The IPPR report identifies three problematic aspects of Britain’s skills system:

  • skills produced are insufficiently valued and utilised in the workplace;
  • the lack of high-quality vocational training and education provision; and
  • a failure to tackle regional and social inequalities.

It is not hard to substantiate these claims. For example, Britain has one of the most Read more ›

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Posted in Employment and skills, Further higher and lifelong education

How similar are the PISA and TIMSS studies?

Christina Swensson

This is the fifth in a series of blogs that delve below the headline findings from the 2015 Trends in International Mathematics and Science Study (TIMSS). This blog investigates the similarities between TIMSS and the Programme for International Student Assessment (PISA), another large-scale study designed to assess pupil achievement across a number of countries. So how do the headline findings from the two studies compare?

PISA and TIMSS Cycles

TIMSS, administered by the IEA, has been carried out every four years since 1995, a total of six study cycles. The OECD started its own large-scale international survey in 2000 and has been running the Programme for International Student Assessment (PISA) every three years since then, also a total of six study cycles. The two studies do not normally coincide Read more ›

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Posted in International comparisons, Teaching, learning, curriculum & assessment

What does the TIMSS 2015 international encyclopedia tell us about how our curriculum and assessment compare with other countries’?

Tina Isaacs and Christina Swensson.

This is the fourth in a series of blogs that delve below the headline findings from the 2015 Trends in International Mathematics and Science Study (TIMSS).

This blog focuses on what TIMSS can tell us about other countries’ curriculum and assessment systems. It compares information about England, which appeared in the top 10 of three of the four TIMSS assessments areas in 2015, with that of six other high performing jurisdictions – Hong Kong, Japan, South Korea, Russia, Singapore and Taiwan. All of these comparator countries featured in the top 10 across all Read more ›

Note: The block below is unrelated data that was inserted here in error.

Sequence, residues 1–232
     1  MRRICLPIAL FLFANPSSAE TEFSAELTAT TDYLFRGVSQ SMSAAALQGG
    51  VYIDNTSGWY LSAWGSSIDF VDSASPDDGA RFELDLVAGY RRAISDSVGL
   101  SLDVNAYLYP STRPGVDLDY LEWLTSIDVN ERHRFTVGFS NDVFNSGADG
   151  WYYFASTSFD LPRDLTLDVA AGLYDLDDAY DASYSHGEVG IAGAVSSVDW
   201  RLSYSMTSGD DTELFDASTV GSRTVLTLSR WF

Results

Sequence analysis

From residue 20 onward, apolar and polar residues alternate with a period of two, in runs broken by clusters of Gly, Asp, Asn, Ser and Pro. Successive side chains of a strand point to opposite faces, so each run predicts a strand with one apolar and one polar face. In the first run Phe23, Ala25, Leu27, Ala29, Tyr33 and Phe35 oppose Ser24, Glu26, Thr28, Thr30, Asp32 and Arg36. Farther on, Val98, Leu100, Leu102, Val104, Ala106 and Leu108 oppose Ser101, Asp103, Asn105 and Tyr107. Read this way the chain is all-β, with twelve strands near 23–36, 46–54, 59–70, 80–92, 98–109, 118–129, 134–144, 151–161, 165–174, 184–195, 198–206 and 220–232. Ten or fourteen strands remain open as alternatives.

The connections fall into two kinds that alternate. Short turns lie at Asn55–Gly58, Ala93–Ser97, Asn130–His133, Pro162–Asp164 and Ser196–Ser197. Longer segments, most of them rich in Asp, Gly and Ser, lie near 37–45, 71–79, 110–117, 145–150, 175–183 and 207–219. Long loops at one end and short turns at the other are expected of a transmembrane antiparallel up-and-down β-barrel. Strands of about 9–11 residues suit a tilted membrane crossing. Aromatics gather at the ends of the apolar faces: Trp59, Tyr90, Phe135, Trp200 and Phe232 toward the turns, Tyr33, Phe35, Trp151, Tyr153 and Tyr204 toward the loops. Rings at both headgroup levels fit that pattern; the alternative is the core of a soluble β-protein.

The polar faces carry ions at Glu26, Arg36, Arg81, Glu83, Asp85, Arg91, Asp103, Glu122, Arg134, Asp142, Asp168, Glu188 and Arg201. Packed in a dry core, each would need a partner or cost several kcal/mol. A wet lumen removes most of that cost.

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Posted in Education policy, Evidence-based policy, International comparisons, Teaching, learning, curriculum & assessment

‘We’re preparing our army for the last war’: why the academic-vocational divide must fall

IOE Events. 

Vocational education suffers from its second class status – variously seen as a ‘consolation prize’ and ‘for other people’s children’. It deserves better – for its own sake and for the sake of social justice, but also, as the speakers at the IOE’s second ‘What if…’ event this week noted, for the sake of our economy.

As Tony Little, chief academic officer of GEMS Education and former headmaster of Eton, remarked, ‘we’re preparing our army for the last war’; the economy and labour market are changing fast, and young people need a broader education. As evidenced by November’s Budget and Industrial Strategy, the government itself seems to have woken from its slumber on skills, and vocational education’s time has come (again). We have been here before, of course, so how can things be different this time around?

Also responding to the question, What if… we really wanted to overcome the academic-vocational divide? were Read more ›

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Posted in Employment and skills, Further higher and lifelong education, IOE debates
This blog is written by academics at the UCL Institute of Education.